• Product quality parameters included in the dataset are final product impurities, residual solvents and drug release results.

Preprocessing of time series data

We performed visualization on time series to evaluate the quality of data, any unusual events, and any requirements for special preprocessing or complete removal of certain batches. Among all the parameters included in the time series dataset, tablet press speed and the number of rejected tablets, counted by the press, were the most descriptive of batch dynamics. The first parameter indicates the time when batch tablet production started and whether there were any unusual process interruptions. The second parameter selected was the number of rejected tablets, because it helps to understand whether tablet press speed reaching 0 is due to the process being finished or due to another start-up or more challenging issues occurring during the process. If the number of rejected tablets does not increase, then the process is finished. Furthermore, the trajectory of rejected tablets in a batch cannot fluctuate; it can only increase with time. The following preprocessing and cleaning steps were taken:

  • The process time series were quality checked by applying the above explained visualization of the two parameters for every single batch included in this dataset (1,005 batches in total).

  • We have observed that some batches were stopped because of the weekends or bank holidays. Due to this, a considerable part of the time series displays the value of 0, as the tablet press was paused. When dealing with this data, this particular characteristic needs to be considered, as it could hinder future analysis. These parts have been deliberately kept as part of the time series dataset, because leaving blended powdered material to rest for prolonged periods of time could potentially impact the quality of compressed tablets.

  • The tablet press SQL database includes unstructured data, and the transfer of these into a readily available database (iHistorian) resulted in a mixed, 12- and 24-hour time structure. Standardization of the time format was performed.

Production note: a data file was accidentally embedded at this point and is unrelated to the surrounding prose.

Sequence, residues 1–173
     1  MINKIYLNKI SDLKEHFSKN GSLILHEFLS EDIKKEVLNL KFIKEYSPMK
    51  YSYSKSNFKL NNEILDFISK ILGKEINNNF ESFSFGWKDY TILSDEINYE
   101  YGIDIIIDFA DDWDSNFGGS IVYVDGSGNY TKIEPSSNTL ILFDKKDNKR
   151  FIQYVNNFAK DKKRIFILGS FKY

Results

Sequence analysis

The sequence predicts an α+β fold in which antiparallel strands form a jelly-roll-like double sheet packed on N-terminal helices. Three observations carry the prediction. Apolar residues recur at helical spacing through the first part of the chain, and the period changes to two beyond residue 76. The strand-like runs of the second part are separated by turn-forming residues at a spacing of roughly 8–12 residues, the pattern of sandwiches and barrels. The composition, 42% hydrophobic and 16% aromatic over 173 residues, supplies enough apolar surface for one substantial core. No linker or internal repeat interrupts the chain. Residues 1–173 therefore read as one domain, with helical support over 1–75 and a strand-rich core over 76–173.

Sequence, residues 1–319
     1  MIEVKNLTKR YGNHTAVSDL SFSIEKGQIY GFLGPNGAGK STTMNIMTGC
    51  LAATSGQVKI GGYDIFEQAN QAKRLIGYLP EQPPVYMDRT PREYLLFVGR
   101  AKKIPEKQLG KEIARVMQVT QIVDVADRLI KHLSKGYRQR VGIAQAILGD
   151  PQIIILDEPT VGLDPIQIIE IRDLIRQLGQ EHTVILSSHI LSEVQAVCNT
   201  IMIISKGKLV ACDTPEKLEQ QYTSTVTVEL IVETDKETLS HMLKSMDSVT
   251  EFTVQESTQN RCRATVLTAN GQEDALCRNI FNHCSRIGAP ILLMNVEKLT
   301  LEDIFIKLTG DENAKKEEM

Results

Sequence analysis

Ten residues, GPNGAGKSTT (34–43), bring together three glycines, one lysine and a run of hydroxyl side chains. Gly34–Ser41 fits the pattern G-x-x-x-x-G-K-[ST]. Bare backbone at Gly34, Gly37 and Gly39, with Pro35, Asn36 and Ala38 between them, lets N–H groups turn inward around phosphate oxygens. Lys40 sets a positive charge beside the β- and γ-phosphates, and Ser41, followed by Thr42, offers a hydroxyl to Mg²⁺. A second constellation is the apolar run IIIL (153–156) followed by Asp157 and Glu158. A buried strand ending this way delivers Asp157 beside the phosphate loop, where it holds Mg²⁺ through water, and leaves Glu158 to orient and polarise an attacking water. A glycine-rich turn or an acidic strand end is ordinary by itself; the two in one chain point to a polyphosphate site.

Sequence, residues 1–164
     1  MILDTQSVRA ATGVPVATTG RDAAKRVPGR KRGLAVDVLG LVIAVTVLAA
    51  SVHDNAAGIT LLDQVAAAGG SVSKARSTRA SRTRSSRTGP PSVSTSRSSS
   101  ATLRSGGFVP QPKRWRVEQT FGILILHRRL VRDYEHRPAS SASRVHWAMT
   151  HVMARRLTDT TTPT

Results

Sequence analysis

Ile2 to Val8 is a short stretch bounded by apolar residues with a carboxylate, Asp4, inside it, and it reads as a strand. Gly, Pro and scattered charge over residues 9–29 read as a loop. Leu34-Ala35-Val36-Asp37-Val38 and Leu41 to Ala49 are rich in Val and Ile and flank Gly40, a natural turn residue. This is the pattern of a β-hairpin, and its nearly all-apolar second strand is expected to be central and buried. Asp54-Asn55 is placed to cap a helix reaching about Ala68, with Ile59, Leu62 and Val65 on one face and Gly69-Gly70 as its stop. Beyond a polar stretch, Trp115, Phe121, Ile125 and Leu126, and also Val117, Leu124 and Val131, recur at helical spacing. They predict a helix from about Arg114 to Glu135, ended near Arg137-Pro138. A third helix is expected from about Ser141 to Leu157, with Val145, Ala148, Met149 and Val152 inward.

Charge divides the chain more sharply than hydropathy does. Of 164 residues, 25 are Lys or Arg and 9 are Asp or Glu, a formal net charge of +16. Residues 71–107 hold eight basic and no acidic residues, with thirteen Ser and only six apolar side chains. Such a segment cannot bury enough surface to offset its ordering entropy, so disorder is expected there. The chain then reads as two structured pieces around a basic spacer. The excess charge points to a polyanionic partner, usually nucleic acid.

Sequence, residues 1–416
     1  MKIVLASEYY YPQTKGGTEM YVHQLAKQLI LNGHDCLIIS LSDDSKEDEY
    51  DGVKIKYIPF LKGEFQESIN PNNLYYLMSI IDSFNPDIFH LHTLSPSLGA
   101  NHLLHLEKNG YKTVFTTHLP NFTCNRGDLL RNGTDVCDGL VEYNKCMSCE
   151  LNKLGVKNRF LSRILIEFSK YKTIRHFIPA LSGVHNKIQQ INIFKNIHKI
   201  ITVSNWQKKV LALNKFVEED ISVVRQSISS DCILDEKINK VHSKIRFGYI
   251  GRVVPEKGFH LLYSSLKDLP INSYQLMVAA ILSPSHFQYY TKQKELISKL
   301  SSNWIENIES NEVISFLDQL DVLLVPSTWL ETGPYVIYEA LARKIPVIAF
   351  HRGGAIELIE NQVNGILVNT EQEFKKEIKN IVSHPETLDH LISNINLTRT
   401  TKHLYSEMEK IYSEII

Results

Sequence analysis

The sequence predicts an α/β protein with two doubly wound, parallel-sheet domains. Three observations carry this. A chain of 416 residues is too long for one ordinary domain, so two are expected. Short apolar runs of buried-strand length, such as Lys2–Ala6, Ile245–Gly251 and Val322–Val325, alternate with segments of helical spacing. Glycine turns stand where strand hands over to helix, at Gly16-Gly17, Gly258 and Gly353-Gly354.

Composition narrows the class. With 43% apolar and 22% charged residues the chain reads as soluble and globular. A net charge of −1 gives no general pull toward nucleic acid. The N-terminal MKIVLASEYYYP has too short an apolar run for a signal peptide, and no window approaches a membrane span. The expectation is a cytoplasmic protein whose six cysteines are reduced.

• Visualization enabled us to detect a drop in the rejected tablet parameter for some batches. This required a detailed data investigation for those particular batches. We discovered that this issue had occurred with batches that spread over two or more days because of the incorrect date structure in some batches. Corrections were made for all batches where the issue was detected.

  • Some time series datasets had a so-called “gap”, meaning that for a period of several minutes, there were no data available, i.e., empty cells. This occurs when the tablet press is shut down for whatever reason, e.g., weekend, shift change, calibration of the tablet press, calibration of the automatic weight and hardness control system, etc. Since these gaps of missing data have no value for analysis, they were excluded.

  • Once all the above steps were applied and the data has been cleaned and the time structure corrected, another visualization cycle was performed to check whether all the preprocessing steps have worked.

Only the correctly preprocessed, high quality time series data were kept and are presented in this research.

Time series data reduction

The time series presented a vast amount of data compared to laboratory result entries for each batch. The aim was to create new parameters for each batch that would best describe the original time series data for a particular batch.

These new parameters were then combined with the laboratory data linked with the same product batch. Such data manipulation allows for further in-depth analysis, process understanding, and product quality predictions. The time series data were provided intact for this data descriptor paper as well as in a reduced format; as new attribute vectors that were tailored separately for each process parameter based on expert knowledge.

The following feature extraction steps were applied and new attributes created for every batch time series dataset:

  • Average tablet press speed: the average speed of the tablet press machine, excluding the tablet press values of 0 due to known longer interruptions, such as weekends and holidays, which would mask the true process characteristics.